This post is about Intuit’s apparently successful product development in India. I’ve heard this story twice recently. The first time was listening to the Livestream of the Lean Startup Conference and the second time was reading a Lean Startup Group post in LinkedIn by Rammohan Reddy. Here’s a link to the Lean Startup Conference video of all the speakers. Rammohan’s original post is here. This account of Customer Discovery and Customer Development provides some good detail on the starting point and the pivots in a fairly concise write-up. Two elements stood out to me and I’d like to reinforce them and one element that I think they “overlooked” and is important to highlight.
#1: Asked for facts before asking for opinion. This was “easy” for the Intuit folks because they had already decided their target market was farmers and readily recognized they did not know their problems. It would have been tougher for a farming “expert” to do discovery. Kudos to the Intuit team for first getting the facts of the farmers’ day, then addressing one particular problem, and finally going back to get the farmers’ opinions iteratively to maximize the value in their MVP.
#2: Implementing the solution manually. This is a fast, low-cost, easy-to-correct means to determine whether the pricing information they offered would actually be used. The Intuit team initially responded to communication with a manual solution. What a great way to understand the usage and the user interface. Here’s simpler example: One of my clients recently proposed a service that automatically culls the Web for particular information and packages it in a more useful form. Instead of waiting until all the coding is completed (or better yet, started) dummy up that “more useful form” right now — without the automation — and see if people really do use (find value) in the information.
#3: Know Now. Intuit believes this may be an advertising vehicle, that they could start selling advertising now, too. Well, they can turn that belief into fact by attempting to sell advertising now. Think of how much more powerful it would be to read “We met with several advertisers who have been spending money for years trying to reach farmers who do not watch TV.”
I think the fidelity Intuit conveys that they used in the product development/solution solving portion of their start-up is in contrast to the progress on their selling side (the advertisement). That’s not surprising to me. You have to admit, it’s a whole lot easier and more fun to talk to farmers about their needs and your solution than it is to talk to potential advertisers about spending money.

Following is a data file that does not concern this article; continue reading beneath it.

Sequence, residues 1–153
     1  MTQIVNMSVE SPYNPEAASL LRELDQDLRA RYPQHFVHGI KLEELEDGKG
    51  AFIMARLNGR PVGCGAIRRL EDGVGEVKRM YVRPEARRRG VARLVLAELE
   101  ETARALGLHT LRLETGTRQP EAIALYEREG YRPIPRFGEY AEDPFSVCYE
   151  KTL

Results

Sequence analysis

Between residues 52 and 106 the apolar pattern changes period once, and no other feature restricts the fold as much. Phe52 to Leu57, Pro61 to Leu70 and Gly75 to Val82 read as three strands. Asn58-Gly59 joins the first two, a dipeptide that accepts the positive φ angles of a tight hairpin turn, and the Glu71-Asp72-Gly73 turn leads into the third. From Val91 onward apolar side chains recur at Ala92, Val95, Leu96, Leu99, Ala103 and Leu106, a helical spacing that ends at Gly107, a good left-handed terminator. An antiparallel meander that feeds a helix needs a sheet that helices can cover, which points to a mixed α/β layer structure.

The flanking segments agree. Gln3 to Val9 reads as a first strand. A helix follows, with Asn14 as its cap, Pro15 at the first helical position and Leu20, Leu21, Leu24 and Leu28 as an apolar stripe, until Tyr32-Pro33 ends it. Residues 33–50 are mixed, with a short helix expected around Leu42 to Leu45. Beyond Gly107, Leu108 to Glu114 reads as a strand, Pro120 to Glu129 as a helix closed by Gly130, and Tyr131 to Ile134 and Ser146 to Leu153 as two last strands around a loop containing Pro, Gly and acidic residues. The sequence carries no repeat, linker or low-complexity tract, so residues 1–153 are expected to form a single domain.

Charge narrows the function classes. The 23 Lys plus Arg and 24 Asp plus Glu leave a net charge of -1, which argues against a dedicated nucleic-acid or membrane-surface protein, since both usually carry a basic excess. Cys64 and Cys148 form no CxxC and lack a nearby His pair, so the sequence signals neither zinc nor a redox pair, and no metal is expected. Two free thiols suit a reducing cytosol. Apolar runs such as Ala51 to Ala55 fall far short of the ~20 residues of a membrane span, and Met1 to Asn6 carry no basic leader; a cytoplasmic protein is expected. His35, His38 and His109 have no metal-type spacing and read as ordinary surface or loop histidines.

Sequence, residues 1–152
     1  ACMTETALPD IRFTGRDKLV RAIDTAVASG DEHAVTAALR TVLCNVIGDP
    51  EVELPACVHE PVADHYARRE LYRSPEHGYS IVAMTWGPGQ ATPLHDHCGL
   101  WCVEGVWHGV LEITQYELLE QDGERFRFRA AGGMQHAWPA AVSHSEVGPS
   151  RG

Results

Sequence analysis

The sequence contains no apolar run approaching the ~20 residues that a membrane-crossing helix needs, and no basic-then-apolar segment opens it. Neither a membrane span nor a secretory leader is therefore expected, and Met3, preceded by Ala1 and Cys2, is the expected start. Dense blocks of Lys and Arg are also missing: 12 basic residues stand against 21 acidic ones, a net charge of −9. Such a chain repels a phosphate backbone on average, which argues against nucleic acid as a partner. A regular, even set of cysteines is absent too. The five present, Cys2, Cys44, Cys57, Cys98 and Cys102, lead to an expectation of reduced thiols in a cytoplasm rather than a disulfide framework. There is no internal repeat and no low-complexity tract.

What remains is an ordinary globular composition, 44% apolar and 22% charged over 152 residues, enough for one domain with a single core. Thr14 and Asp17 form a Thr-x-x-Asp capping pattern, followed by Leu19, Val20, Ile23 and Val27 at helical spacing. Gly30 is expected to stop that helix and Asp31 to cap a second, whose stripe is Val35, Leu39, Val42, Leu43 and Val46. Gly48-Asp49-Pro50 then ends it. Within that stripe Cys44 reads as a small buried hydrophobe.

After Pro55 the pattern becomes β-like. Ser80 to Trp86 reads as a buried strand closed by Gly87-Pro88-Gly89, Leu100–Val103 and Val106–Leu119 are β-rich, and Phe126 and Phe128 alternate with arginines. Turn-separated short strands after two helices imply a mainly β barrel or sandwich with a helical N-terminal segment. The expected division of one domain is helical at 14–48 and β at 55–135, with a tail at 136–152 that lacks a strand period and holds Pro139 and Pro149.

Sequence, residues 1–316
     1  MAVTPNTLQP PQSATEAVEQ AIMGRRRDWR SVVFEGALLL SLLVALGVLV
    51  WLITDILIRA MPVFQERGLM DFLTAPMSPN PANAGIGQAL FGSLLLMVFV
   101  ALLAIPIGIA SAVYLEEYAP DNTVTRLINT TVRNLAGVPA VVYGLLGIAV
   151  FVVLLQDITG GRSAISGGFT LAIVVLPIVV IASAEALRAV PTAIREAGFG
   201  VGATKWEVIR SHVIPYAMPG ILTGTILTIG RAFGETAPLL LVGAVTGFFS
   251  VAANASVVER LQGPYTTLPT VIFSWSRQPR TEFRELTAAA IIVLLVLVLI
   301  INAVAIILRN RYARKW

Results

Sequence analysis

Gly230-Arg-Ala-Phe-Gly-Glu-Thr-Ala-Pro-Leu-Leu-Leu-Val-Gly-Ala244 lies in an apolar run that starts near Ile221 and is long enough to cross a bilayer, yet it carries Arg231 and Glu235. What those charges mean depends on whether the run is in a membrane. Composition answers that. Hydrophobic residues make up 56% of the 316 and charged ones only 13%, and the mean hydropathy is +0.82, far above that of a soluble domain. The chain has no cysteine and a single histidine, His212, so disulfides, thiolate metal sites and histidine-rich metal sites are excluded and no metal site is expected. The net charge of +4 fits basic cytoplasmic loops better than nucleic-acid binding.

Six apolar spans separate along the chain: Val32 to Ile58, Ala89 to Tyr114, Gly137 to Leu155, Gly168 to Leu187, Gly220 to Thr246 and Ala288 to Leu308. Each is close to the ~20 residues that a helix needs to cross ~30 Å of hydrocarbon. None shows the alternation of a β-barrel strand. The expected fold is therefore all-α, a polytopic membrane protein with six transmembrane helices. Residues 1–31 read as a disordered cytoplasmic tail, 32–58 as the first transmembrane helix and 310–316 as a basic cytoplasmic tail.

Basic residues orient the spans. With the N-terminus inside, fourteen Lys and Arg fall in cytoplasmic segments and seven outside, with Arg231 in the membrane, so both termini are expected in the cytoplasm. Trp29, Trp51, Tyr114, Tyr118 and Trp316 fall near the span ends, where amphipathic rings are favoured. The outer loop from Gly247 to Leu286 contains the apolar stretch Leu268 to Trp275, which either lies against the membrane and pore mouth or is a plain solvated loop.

So what I hear when from this story is that even for an enlightened team, testing the revenue side can get lost in the problem/solution iterative. For this offering, presumably, creating revenue will be an important part of the business opportunity. Go out and test who it is that wants to communicate to farmers and what value that communication (advertising) represents to them.
Call to Action:
#1: Whether is the product specification, the target market, the pricing, whatever…talk to who you think are your target users and the target customers. If you don’t know the problem/value exactly, can you shadow different players in the ecosystem? If you have your hypotheses, then ask yourself, “What’s more important, right now, than learning whether a prospect who I THINK is in my target market actually even thinks about the PROBLEM I SOLVE and if he does, then how well does my solution solve that problem.” My answer, of course, is that nothing is more important.
#2: Careful not to get so wrapped up in the solution that you forget the full business equation. Their users are the farmers, but their revenue customers are _____. Who knows? Intuit hasn’t looked into that yet. Perhaps this will be a free service, but that doesn’t sound sustainable. It’s important to investigate whether this is an advertising model, a subscription model, or a service supported by grants, etc. The point is, that investigation could happen in parallel with the test-delivery of the solution.